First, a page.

CBN deadline and new naira circulation crisis

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The Governor of Central Bank of Nigeria, CBN, Dr Godwin Emefiele, shortly after the Monetary Policy Committee, MPC, meeting on Tuesday stated that, the January 31, deadline for the collection of old naira notes remains sacrosanct.

Emefiele’s statement came even after the National Assembly had deliberated on the matter and passed a resolution asking the apex bank to extend the collection of the old naira notes to June in view of the haste with which the policy is being implemented and how the rural and unbanked communities would suffer the consequences. 

It would be recalled that last year, the CBN announced its decision to redesign 200, 500 and 1000 naira notes and move the country to cashless economy.

Although, the policy has continued to generate mixed reactions from Nigerians, it has the blessing of President Muhammadu Buhari. There is no gainsaying the fact that the policy is a big blow to money launderers, kindnappers and vote buyers. 

However, it has come at wrong time. Many Nigerians do not have bank accounts just as over 80 percent of transactions in the country are cash backed. Besides, lack of good network coupled with erratic power supply have made electronic banking more difficult and unreliable for Nigerians.

The CBN January deadline is like putting a cart before the horse. While the period of grace granted to Nigerians to deposit their old money is 90 days, there has been inadequate enlightenment and sensitisation campaign not only by the CBN but also other government agencies. 

The blame game between the CBN and Money Deposit Banks (MDBs) has compounded or worsened the scarcity of the new notes. The CBN insisted that it has released adequate newly printed mint to banks to upload in their respective Automotive Teller Machines (ATMs), while banks have continued to dispense old naira notes to the surprise of dispirited Nigerians.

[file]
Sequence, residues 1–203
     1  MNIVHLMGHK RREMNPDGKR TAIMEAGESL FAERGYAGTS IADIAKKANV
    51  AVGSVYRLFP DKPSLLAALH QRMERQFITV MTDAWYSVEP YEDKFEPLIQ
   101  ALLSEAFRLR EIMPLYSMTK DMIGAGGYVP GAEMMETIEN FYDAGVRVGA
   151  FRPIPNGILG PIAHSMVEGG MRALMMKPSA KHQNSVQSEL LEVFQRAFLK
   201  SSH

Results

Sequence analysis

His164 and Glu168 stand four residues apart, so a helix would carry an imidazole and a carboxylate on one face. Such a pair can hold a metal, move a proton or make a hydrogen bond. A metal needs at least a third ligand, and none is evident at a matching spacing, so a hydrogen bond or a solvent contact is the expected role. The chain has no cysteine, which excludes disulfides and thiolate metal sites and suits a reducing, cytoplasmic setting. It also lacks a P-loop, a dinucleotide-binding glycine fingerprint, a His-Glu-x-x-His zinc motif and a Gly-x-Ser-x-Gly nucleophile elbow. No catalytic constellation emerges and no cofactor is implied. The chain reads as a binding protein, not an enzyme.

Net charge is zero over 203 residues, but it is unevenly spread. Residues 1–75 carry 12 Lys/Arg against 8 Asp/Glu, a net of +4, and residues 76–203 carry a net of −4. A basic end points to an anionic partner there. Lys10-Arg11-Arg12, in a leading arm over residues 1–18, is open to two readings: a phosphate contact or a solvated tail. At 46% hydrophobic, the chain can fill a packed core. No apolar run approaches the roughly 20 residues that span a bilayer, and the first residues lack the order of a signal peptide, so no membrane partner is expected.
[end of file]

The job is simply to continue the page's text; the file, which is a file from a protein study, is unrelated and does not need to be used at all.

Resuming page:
Nigerians have been eager to obtain the new naira notes. Yes, the CBN’s swap policy in which mobile money agents are allowed to swap new money to the tune of N10,000 directly to the rural Nigerians is good and may hasten the circulation of new notes, but the few days remaining are not enough to penetrate remote communities and riverine areas.

The decision by merchants or marketers to stop collecting the old naira notes before the deadline amidst scarcity of the new ones will fuel naira circulation crises. The PoS operators who are supposed to ease transaction difficulties have instead been making brisk business. 

They have increased charges ranging from N500 to N1000 per N10,000 deposit. With the deadline fast approaching and many Nigerians yet to deposit or access the redesigned naira notes, the CBN should, as a matter of urgency, extend the period as being demanded by Nigerians and the National Assembly.

Ibrahim Mustapha,

Pambegua, Kaduna state 


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